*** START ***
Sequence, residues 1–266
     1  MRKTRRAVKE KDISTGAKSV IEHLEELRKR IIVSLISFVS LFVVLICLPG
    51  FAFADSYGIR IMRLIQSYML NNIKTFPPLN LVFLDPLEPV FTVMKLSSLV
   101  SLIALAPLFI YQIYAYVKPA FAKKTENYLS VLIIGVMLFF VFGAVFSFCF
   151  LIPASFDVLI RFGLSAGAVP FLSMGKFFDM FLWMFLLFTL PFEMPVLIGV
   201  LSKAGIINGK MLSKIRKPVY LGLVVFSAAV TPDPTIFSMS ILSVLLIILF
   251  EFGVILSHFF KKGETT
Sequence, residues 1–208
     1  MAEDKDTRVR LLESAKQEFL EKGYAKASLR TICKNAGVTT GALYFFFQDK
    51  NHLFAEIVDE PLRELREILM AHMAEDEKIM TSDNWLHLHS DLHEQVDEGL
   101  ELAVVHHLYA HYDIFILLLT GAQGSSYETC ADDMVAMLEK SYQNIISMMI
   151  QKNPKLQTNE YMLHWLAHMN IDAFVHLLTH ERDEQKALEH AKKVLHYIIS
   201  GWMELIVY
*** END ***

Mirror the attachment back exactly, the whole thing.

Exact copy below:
Sequence, residues 1–266
     1  MRKTRRAVKE KDISTGAKSV IEHLEELRKR IIVSLISFVS LFVVLICLPG
    51  FAFADSYGIR IMRLIQSYML NNIKTFPPLN LVFLDPLEPV FTVMKLSSLV
   101  SLIALAPLFI YQIYAYVKPA FAKKTENYLS VLIIGVMLFF VFGAVFSFCF
   151  LIPASFDVLI RFGLSAGAVP FLSMGKFFDM FLWMFLLFTL PFEMPVLIGV
   201  LSKAGIINGK MLSKIRKPVY LGLVVFSAAV TPDPTIFSMS ILSVLLIILF
   251  EFGVILSHFF KKGETT
Sequence, residues 1–208
     1  MAEDKDTRVR LLESAKQEFL EKGYAKASLR TICKNAGVTT GALYFFFQDK
    51  NHLFAEIVDE PLRELREILM AHMAEDEKIM TSDNWLHLHS DLHEQVDEGL
   101  ELAVVHHLYA HYDIFILLLT GAQGSSYETC ADDMVAMLEK SYQNIISMMI
   151  QKNPKLQTNE YMLHWLAHMN IDAFVHLLTH ERDEQKALEH AKKVLHYIIS
   201  GWMELIVY